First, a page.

“We desire the good of the world and the happiness of the nations, that the bonds of affection and unity between the sons of men should be strengthened … what harm is there in this?”
Baha’u’llah, in an 1890 interview with Edward Granville Browne of Cambridge University

Formal home and gardens, Shrine of Baha'u'llah

The Shrine of Baha’u’llah near Acre, Israel. Photo courtesy of Wikimedia Commons. Note: In respect for Baha’i tradition, ReadTheSpirit will not post a photo of Baha’u’llah. Aside from pilgrimage, Baha’is believe a photographic image of Baha’u’llah should not be viewed in public or even displayed in a private home, as a sign of respect for Baha’u’llah

SUNSET MONDAY, NOVEMBER 11: Baha’is today celebrate the founder of their faith, Baha’u’llah, who was born on this date in 1817. Baha’u’llah proclaimed messages of unity as he wrote to many world leaders in the late 19th century, such as Queen Victoria, Napoleon III and Pope Pius IX. Since that time, Baha’is point out, the contents of Baha’u’llah’s writings on human rights have been mirrored in United Nations talks, at rallies and by advocates worldwide in the ongoing human rights campaign to help Baha’is inside Iran. That’s the very nation where Baha’u’llah was born and yet for many years Baha’is have suffered persecution in Iran. (Check out a few short meditations from Baha’u’llah at the Baha’i Library’s collection of “The Hidden Words.”)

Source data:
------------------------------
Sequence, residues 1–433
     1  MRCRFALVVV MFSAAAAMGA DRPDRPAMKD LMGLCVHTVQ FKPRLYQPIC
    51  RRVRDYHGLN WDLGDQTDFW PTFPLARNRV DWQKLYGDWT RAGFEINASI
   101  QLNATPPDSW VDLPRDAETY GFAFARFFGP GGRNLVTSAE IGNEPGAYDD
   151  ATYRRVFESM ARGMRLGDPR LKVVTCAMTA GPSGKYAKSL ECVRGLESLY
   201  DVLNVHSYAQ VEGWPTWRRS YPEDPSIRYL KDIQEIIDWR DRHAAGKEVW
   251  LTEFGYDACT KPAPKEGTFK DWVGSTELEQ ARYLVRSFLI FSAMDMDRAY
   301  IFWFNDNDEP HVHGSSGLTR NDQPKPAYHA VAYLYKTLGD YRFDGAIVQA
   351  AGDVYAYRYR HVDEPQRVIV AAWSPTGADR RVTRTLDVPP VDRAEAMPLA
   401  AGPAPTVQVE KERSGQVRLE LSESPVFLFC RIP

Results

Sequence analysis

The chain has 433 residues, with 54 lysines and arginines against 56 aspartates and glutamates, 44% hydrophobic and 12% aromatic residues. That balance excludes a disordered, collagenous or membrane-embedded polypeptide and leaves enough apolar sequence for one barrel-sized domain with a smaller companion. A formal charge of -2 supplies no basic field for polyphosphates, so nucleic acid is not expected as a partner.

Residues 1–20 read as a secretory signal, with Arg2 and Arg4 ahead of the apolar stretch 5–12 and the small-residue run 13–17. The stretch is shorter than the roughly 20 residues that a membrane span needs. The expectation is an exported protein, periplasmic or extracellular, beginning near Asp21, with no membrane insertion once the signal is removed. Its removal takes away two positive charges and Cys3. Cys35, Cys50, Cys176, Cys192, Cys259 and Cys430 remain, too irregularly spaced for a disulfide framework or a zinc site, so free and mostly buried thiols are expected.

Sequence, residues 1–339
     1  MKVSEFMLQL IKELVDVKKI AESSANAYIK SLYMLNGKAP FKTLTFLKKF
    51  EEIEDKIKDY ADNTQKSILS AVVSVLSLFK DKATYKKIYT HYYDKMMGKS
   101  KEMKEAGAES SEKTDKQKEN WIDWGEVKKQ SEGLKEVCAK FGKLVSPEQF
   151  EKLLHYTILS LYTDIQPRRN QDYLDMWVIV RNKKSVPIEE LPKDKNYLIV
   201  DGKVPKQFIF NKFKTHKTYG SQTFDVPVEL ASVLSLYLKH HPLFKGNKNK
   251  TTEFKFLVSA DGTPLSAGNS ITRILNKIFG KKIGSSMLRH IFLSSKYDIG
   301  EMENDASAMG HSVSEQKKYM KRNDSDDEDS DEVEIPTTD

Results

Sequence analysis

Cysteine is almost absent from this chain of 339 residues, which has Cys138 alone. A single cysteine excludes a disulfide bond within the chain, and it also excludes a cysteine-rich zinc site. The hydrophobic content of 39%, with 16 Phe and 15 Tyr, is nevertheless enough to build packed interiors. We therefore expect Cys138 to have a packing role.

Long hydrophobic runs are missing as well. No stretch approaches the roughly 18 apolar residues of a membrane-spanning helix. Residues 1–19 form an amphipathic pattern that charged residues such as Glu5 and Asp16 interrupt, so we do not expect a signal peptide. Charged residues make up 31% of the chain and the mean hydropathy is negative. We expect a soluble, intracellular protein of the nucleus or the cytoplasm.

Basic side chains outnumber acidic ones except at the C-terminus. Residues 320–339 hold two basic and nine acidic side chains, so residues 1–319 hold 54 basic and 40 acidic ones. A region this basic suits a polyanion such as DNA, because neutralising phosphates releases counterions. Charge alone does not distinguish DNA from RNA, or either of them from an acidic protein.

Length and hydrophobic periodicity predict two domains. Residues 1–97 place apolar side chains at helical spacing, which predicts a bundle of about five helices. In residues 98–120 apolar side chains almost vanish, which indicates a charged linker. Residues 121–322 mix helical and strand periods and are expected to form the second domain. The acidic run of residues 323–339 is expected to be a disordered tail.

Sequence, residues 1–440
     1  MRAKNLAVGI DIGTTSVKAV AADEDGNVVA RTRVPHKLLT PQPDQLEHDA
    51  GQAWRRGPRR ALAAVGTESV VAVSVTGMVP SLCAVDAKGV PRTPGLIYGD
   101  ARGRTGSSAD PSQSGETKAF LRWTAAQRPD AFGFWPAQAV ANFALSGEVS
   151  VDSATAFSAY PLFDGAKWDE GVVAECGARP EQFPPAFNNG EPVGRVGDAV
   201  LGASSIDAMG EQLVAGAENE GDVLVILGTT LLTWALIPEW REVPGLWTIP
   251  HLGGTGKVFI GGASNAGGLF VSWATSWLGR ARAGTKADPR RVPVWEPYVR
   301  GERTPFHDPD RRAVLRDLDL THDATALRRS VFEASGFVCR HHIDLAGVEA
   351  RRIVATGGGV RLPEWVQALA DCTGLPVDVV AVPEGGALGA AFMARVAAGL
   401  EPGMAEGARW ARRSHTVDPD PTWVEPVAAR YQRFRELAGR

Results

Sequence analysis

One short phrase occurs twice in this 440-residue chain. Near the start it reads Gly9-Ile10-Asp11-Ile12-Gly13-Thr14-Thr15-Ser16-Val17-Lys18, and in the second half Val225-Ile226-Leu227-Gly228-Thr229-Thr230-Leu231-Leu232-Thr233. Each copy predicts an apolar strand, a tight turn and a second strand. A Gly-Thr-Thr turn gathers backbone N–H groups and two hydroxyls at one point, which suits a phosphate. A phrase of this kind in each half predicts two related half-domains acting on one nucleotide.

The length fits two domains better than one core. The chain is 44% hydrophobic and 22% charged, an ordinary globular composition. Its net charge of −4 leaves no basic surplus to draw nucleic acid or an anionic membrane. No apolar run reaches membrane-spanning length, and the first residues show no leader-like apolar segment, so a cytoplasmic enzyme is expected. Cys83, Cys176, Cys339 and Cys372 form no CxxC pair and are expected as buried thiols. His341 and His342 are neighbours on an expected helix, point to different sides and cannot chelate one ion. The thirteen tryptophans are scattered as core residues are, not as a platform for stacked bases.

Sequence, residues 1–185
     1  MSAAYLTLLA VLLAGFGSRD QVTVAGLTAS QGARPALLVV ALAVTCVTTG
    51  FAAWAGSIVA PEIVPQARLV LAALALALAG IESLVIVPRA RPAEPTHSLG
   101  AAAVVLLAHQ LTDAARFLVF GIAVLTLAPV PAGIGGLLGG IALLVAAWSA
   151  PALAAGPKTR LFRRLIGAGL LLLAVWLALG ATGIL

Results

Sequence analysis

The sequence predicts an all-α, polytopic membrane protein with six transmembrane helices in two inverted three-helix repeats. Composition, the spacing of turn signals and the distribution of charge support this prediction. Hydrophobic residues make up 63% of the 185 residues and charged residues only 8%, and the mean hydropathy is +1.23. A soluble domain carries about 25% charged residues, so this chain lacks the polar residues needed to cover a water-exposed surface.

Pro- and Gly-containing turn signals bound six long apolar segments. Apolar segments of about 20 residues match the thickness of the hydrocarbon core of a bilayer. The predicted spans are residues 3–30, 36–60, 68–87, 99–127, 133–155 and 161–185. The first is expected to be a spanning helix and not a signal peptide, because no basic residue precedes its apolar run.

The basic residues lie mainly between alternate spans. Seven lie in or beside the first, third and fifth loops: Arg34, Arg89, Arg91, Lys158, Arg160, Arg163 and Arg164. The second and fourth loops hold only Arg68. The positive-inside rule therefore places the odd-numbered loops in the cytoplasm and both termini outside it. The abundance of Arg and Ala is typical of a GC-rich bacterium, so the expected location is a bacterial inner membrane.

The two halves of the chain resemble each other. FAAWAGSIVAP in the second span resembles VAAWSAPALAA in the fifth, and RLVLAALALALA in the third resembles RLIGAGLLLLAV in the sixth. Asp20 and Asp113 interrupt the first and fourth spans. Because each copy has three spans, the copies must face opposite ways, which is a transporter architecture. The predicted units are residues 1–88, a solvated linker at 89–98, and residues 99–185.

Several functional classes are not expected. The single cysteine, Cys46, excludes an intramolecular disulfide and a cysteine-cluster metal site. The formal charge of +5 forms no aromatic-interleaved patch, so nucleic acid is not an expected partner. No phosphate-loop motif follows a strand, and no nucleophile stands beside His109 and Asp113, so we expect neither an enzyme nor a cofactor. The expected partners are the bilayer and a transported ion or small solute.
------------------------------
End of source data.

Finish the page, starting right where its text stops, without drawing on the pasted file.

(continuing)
Baha’is worldwide are quickly approaching the 200th birth anniversary of Baha’u’llah, who was born in 1817 in Tehran, the capital of Persia (modern-day Iran). The son of a noble family, Mirza Husayn Ali—who would later take the name “Baha’u’llah”—spent a childhood in luxury, before facing exile and imprisonment. (Learn more about the life, teachings and writings of Baha’u’llah at Bahai.org.)

In 1863, Baha’u’llah announced that he was the bearer of a new revelation from God—one that would bring unity to the world’s people. Baha’u’llah and the early Babis strongly believed that God sent divine messengers to humanity at intervals of 500 to 1,000 years, and that Baha’u’llah was the most recent in a line that included Abraham, Jesus, Muhammad, Buddha, Zoroaster and Krishna.  Today, millions of Baha’is across the globe agree with Baha’u’llah’s beliefs. (View a photographic narrative of his life at Bahaullah.org.)

‘TWIN BIRTHDAYS’ AND PRAYERFUL GATHERINGS

One of nine holy days of the Baha’i calendar, the Birth of Baha’u’llah is the latter half of the “Twin Birthdays”—the first of which, the Birth of the Bab, was observed in October. Few traditions exist for celebrating Baha’u’llah’s birthday, aside from prayers and community gatherings, although it should be noted that Baha’u’llah placed great importance on unity of the community. (Wikipedia has details.) Public gatherings will be held everywhere from Josephine Butler Parks Center in Washington, D.C. to the gardens in Israel that are the final resting place of Baha’u’llah, to small villages and massive localities across the globe. (The Washington Post reported on the D.C. gathering.)